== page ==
It started with GPS in mobile phones. Applications were developed that could track how far you ran or rode your bike, keep track of your route, and estimate the calories you burned. It wasn’t long before monitoring devices became smaller and more sophisticated; today they’re small enough to fit into a wristband that regularly transmits a wealth of data — including activity, heart rate, sleep cycles and skin temperature — back to servers that display the data for users online.
Meanwhile, back at your doctor’s office, medical monitoring devices were undergoing a similar evolution. Devices to monitor heart health, blood sugar levels, oxygen saturation, pulse, and galvanic skin response have become smaller and more portable. It was almost inevitable that the two device fields would start to overlap; but what’s more of a surprise is the growing popularity of such devices. ABI Research expects just the mobile sensor market to reach $400 million by 2016.
The fastest growth is happening with mobile fitness devices, because they have a less stringent regulatory environment. Yet as these mobile sensors become more accurate, they can accumulate a wealth of personal data about our age, fitness level, interests, social media activity, and online accounts like email and Twitter. Privacy experts caution that consumers may be underestimating the diagnostic capabilities of even rudimentary data collection tools. With downloads of health and fitness related apps expected to exceed a billion by 2016, the privacy implications are staggering.
Hacking Your Body
For many young people, the desire to improve performance, lose weight, and experiment with virtually every health-related variable in their lives is trumping privacy concerns. There are literally dozens of sites where users routinely log and share their exercise routines, diet, and weight loss progress and solicit advice from other users. For those who want to take that analysis to the next level, there are sites like WellnessFX, which issues lab orders for blood tests that range from a quick overview to an almost insane level of detail and complexity. Online you can even get medical, nutritional, and fitness advice, and development plans from doctors, nurses, and nutritionists. The data is made available, and users can track their own progress and share the results with friends, export the data to fitness-related websites and applications, or even share it with their own doctor.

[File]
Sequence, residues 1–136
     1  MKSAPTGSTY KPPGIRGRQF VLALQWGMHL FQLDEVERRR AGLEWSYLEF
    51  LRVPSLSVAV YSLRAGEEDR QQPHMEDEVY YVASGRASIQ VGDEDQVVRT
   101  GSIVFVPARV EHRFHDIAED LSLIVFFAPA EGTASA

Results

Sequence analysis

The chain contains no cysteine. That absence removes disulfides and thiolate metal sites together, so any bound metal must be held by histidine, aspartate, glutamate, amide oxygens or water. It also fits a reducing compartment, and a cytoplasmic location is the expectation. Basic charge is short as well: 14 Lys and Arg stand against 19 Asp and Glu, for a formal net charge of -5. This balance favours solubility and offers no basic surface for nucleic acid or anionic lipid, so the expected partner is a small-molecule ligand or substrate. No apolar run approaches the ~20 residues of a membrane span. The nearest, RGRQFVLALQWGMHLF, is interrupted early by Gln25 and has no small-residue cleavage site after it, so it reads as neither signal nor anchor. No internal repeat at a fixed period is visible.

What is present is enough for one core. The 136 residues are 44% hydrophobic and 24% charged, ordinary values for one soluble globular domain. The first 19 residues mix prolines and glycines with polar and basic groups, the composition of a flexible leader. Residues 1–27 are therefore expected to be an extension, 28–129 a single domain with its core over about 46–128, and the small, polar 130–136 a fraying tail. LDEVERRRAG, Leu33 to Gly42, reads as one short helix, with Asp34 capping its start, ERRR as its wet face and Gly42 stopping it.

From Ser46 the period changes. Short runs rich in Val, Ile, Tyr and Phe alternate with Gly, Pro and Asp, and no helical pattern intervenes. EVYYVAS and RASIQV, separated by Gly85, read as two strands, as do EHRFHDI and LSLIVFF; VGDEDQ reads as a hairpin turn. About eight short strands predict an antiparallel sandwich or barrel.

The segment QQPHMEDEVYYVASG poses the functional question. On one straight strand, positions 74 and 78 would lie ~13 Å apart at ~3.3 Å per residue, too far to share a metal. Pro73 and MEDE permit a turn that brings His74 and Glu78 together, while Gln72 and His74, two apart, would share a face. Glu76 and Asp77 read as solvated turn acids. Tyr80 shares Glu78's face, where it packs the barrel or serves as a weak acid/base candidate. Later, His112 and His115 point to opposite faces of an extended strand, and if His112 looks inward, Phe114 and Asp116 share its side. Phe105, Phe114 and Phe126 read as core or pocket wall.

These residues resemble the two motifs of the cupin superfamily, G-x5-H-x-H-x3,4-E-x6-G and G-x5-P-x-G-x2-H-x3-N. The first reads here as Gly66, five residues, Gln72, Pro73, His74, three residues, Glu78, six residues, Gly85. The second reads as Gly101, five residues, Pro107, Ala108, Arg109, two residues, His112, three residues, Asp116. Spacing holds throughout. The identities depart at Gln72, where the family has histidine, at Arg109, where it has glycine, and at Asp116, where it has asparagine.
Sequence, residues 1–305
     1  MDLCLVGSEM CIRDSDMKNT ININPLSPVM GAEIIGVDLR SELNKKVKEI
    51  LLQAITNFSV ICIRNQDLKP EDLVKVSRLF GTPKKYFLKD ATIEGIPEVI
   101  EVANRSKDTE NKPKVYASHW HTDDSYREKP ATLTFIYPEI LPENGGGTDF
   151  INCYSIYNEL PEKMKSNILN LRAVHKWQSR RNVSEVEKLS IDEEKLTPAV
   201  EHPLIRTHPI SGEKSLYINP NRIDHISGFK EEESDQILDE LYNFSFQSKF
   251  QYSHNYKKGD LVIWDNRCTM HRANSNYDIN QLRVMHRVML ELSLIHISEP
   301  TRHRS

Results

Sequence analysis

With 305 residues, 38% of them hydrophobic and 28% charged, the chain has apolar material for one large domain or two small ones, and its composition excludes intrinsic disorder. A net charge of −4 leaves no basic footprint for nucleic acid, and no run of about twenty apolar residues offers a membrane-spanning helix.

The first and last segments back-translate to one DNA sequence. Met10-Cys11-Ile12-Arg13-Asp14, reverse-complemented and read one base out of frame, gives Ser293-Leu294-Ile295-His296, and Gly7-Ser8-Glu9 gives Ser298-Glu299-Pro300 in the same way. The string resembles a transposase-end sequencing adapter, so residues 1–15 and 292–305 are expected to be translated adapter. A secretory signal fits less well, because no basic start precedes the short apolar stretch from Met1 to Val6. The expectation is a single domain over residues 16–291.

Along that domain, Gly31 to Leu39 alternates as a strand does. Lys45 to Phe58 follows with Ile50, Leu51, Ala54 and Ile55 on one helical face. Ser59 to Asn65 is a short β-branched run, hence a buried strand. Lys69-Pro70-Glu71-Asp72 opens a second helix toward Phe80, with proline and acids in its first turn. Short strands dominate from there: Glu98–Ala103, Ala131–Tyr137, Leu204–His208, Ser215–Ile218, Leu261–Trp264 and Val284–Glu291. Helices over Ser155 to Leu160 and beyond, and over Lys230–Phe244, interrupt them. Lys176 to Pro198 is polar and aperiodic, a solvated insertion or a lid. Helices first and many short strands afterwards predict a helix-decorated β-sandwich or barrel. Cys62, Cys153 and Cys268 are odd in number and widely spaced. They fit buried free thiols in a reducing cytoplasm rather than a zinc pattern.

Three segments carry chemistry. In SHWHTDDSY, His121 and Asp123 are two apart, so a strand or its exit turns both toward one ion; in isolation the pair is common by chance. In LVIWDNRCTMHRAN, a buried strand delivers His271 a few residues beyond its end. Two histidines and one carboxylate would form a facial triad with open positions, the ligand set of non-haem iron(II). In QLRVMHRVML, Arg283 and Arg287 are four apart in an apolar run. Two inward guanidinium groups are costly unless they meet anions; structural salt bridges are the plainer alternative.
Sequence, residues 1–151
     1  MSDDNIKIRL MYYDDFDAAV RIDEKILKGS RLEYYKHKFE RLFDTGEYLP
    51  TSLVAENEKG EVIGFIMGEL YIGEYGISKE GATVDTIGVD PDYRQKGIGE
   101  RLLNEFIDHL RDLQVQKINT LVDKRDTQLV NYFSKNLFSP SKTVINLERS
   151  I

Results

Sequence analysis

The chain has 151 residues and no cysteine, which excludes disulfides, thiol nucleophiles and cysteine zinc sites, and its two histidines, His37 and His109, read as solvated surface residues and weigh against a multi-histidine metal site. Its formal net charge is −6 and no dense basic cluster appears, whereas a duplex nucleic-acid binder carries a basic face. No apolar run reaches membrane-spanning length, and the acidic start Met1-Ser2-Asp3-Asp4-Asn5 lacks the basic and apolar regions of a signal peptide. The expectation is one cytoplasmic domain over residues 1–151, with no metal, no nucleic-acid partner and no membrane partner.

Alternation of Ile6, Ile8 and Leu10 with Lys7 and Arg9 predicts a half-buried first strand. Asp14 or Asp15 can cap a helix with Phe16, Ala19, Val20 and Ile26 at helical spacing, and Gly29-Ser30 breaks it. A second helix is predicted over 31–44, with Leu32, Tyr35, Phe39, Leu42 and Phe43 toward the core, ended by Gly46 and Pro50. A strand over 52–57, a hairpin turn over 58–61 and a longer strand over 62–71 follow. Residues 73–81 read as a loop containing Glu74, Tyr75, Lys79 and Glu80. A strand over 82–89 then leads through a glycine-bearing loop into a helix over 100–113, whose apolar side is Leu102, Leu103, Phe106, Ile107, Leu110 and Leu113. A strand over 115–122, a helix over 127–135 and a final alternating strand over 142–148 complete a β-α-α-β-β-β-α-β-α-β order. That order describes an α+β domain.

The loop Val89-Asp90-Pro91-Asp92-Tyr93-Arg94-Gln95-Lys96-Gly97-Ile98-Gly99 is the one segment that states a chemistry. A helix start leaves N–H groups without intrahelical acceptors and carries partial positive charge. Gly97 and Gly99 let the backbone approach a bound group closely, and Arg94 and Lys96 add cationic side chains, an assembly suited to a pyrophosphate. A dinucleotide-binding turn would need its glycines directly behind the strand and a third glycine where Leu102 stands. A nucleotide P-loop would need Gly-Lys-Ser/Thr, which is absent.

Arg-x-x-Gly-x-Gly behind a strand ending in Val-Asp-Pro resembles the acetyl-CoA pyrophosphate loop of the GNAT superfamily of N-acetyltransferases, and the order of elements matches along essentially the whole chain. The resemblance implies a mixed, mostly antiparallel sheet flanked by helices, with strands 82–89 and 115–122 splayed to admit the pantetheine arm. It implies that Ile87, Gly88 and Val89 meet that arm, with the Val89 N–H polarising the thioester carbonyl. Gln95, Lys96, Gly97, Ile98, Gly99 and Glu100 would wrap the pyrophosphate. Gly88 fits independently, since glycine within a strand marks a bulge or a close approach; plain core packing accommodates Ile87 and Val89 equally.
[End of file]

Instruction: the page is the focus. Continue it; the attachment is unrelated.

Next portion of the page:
That’s a Lot of Data Floating Around
The Privacy Rights Clearinghouse warns in a 2013 report that consumers should not assume their data in any mobile application, including health and fitness apps, is private. The study reached that conclusion after studying 43 popular health and fitness applications with large user bases. The analysis found sloppy technical implementations, including apps that transmitted sensitive data in the clear across unencrypted connections, and sometimes transmitted that data to third party servers without informing their users.
What About HIPAA?
The Health Insurance Portability and Accountability Act (HIPAA), the law that’s supposed to secure your medical data from prying eyes, was implemented in 1996 when the Internet was still in its infancy. As it stands today, fitness and health related apps don’t have to play by the same rules as your doctor’s office — and HIPAA doesn’t come into play.
The real issue that consumers should consider is that even routine systems data like your pulse, resting heart rate, temperature, and exercise regimen, collected and analyzed over a long period of time, can be used to draw a surprising number of highly-accurate conclusions about your general health and possible injuries. Most people wouldn’t give it a thought — until they twist an ankle sometime, and almost immediately start getting ads for sports rehab clinics and orthopedic medical services.
While diet and fitness apps can be great tools for building a healthier you, be careful about the amount of health data you store and share. Sometimes you never know who’s watching.